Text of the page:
Is Nationalism Contagious?
Michael GoebelAssociate Professor of International History and Pierre du Bois Chair Europe and the World
Maison de la paix, Genève
Though scholars have long warned that globalisation neither flattens difference nor erases political claims-making under the banner of national belonging, the speed and forcefulness of the past years’ rise of nation-firsters around the world has baffled social scientists. Some see the present rise of nationalism and right-wing populism as a, perhaps cyclical, response to dislocations promoted by global economic changes; others are more inclined to focus on changes in the public sphere, social media and ideological contagion.
Short of explaining today’s resurgence of nationalism, this Lunch Briefing seeks to provide some historical depth to the current discussion by inquiring into historiographical debates concerning the global spread of nationalism. Specifically the talk relates these debates to the disciplinary developments in history during the last decades, such as the rise of global history and campaigns against “methodological nationalism.”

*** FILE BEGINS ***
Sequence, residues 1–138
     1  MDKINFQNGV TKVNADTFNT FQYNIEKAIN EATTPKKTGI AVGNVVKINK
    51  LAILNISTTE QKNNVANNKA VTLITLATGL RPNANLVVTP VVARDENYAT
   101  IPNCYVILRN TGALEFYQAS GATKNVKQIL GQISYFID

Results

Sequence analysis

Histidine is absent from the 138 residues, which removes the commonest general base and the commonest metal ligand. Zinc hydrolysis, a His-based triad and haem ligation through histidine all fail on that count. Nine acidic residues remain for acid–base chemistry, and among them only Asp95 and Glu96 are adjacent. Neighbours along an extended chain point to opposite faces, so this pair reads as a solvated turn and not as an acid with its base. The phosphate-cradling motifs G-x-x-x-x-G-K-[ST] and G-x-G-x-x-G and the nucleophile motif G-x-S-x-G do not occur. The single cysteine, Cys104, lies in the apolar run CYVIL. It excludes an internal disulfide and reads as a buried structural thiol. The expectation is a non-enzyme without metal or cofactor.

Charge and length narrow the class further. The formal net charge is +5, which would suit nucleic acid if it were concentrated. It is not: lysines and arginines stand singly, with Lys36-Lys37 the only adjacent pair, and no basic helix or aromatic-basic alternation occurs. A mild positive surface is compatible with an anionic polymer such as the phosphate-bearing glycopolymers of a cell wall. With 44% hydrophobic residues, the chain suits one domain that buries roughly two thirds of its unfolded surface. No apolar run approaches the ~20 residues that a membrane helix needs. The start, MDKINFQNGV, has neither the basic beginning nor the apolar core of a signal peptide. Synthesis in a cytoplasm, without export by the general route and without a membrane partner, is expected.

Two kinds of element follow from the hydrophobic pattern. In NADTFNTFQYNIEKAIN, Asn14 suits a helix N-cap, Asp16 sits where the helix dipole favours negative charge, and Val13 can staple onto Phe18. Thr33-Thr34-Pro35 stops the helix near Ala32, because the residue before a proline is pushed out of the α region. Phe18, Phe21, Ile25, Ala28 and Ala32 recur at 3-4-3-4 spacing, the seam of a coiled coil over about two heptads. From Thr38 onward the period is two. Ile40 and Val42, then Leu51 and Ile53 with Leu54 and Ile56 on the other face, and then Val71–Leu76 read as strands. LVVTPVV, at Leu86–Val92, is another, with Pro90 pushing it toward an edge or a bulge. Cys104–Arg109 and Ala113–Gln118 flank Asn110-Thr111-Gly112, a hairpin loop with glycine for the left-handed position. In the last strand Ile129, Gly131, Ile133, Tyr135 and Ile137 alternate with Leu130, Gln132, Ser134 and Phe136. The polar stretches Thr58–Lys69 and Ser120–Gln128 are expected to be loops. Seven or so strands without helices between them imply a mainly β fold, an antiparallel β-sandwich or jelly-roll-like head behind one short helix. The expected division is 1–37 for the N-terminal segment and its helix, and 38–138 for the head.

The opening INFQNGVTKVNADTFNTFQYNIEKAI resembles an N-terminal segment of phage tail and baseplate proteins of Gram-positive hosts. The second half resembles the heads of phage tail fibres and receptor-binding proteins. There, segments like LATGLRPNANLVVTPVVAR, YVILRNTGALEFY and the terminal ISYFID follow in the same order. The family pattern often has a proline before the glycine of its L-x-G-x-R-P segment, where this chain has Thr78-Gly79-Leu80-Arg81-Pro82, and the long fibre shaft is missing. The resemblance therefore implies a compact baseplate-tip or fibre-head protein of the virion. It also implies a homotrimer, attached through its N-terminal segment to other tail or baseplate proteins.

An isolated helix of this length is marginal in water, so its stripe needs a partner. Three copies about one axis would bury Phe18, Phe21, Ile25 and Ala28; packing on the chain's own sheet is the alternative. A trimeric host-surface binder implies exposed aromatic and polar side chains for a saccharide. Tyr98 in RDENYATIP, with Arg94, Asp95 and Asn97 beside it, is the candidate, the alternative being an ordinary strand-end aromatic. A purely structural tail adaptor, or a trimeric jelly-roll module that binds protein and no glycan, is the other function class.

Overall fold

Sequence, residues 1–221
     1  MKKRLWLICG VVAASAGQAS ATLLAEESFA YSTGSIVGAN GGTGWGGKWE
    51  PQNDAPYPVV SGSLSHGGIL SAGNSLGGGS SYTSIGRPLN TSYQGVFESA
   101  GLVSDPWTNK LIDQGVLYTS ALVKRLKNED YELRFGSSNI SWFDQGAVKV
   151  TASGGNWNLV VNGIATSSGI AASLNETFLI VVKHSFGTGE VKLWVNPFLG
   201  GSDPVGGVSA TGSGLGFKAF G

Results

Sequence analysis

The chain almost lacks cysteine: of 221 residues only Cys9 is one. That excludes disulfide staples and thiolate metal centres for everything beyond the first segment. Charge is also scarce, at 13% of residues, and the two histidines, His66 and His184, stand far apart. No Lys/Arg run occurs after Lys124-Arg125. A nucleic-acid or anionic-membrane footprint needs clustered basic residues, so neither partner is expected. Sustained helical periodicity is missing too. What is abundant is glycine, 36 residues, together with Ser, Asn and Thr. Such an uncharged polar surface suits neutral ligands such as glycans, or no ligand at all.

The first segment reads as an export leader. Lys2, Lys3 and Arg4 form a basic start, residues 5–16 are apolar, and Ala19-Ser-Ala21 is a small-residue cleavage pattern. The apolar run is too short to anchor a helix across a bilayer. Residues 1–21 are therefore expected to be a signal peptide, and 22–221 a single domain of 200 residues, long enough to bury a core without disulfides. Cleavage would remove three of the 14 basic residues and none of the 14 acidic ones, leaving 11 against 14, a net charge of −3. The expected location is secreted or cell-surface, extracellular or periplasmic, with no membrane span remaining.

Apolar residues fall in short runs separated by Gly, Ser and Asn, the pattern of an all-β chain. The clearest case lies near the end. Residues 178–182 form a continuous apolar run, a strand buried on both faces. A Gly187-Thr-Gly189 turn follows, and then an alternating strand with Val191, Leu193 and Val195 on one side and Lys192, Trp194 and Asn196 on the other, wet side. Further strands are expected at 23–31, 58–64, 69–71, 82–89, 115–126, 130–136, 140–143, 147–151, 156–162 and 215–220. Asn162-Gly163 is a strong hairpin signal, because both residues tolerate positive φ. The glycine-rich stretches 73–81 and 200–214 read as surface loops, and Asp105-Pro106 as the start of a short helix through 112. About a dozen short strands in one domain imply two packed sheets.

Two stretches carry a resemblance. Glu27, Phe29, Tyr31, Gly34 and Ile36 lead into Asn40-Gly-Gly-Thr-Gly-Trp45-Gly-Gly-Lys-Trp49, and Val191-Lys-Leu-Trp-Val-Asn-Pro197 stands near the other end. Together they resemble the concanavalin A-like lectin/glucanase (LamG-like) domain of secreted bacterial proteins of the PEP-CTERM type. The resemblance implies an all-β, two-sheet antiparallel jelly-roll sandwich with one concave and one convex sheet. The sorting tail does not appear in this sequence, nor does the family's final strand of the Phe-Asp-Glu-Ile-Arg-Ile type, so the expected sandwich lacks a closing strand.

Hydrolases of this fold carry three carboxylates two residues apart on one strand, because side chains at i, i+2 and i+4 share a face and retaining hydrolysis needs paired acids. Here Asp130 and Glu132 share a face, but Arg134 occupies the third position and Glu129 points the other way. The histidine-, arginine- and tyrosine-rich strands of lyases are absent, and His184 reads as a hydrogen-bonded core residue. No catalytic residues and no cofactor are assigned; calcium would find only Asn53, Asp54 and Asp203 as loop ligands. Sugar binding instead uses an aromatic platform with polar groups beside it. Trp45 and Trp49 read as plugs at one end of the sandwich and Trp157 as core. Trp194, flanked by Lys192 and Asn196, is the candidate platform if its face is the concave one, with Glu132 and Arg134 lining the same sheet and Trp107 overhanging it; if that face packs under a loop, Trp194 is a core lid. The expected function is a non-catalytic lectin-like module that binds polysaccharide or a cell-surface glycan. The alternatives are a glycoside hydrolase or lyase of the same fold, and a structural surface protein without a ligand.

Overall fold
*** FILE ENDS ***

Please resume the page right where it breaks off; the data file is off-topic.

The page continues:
Michael Goebel is Associate Professor of International History and Pierre du Bois Chair Europe and the World at the Graduate Institute.
Prior to joining the Institute in 2018, he worked at Freie Universität Berlin, Harvard University, and the European University Institute, Florence. Though a historian of Latin America by training, he has grown increasingly interested in the intersection of global and urban history in the nineteenth and twentieth centuries, postcolonialism and nationalism. His most recent book, which won the Jerry Bentley Prize in World History, is Anti-Imperial Metropolis: Interwar Paris and the Seeds of Third World Nationalism (Cambridge University Press, 2015).